41 No power or influence can or ought to be maintained by virtue of the priesthood, only by persuasion, by long-suffering, by gentleness and meekness, and by love unfeigned;
42 By kindness, and pure knowledge, which shall greatly enlarge the soul without hypocrisy, and without guile—
43 Reproving betimes with sharpness, when moved upon by the Holy Ghost; and then showing forth afterwards an increase of love toward him whom thou hast reproved, lest he esteem thee to be his enemy;
Persuasion—encouraging others to believe or do something by reasoning or pleading with them.
“As the Lord is patient with us, let us be patient with those we serve. Understand that they, like us, are imperfect. They, like us, make mistakes. They, like us, want others to give them the benefit of the doubt.
“Never give up on anyone. And that includes not giving up on yourself.”
President Dieter F. Uchtdorf, Second Counselor in the First Presidency, “Continue in Patience,” Ensign, May 2010, 58.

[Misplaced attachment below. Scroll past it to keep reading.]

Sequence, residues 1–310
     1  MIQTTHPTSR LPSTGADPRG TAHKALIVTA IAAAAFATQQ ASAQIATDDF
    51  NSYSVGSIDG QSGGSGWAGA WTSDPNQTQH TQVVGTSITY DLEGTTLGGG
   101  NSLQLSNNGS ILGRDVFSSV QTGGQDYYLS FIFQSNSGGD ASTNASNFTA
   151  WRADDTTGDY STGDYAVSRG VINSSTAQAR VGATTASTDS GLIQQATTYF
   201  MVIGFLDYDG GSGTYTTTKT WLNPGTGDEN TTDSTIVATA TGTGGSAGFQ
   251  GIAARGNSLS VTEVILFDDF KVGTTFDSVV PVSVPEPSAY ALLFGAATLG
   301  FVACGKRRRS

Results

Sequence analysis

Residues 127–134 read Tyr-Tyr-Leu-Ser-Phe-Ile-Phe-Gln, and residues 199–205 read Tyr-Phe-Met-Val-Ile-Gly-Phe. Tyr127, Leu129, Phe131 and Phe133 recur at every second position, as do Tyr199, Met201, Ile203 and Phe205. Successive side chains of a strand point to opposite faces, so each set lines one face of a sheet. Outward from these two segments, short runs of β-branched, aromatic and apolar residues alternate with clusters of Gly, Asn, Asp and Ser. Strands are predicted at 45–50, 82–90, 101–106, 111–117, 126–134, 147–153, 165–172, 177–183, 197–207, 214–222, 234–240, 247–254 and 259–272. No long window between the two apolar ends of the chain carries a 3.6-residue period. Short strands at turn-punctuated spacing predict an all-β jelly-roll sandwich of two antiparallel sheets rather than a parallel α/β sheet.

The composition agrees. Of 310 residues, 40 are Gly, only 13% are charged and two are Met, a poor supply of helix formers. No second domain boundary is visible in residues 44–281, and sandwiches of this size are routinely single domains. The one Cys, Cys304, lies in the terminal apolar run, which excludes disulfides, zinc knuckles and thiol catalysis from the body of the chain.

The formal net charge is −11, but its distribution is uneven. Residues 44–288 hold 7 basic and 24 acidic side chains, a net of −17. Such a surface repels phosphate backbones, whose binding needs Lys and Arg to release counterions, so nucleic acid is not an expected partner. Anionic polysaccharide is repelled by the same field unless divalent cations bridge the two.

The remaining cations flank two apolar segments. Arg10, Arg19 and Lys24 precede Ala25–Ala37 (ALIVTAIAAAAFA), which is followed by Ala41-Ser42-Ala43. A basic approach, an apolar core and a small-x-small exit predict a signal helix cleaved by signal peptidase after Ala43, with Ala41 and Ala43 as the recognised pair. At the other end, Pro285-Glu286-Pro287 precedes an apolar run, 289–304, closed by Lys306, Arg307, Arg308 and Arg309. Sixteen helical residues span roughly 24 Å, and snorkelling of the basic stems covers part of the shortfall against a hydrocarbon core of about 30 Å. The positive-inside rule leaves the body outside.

Gentleness and Meekness
Here are some things the scriptures teach us about gentleness and meekness:
They are among the fruits of the Spirit (see Galatians 5:22–23).
Meekness is a sign of faith in Christ (see Moroni 7:39).
Meekness leads to the visitation of the Holy Ghost (see Moroni 8:26).
Unfeigned—genuine; not faked or pretended.
Has someone shown you genuine love recently? How can you show that kind of love to others? Write about it in your journal.
Without Hypocrisy and without Guile
Hypocrisy—pretending to be something you are not.
Reproving Betimes with Sharpness
Reproving—scolding or correcting gently; expressing disapproval.
Betimes—speedily; early; before it is too late.
When Moved Upon by the Holy Ghost
“An inspired, loving rebuke can be an invitation to unity. Failure to give it when moved upon by the Holy Ghost will lead to discord.”
President Henry B. Eyring, First Counselor in the First Presidency, “Be One,” Ensign, Sept. 2008, 8.
Editors’ note: This page is not meant to be a comprehensive explanation of the selected scripture verses, only a starting point for your own study.
Joseph Smith in Liberty Jail, by Greg Olsen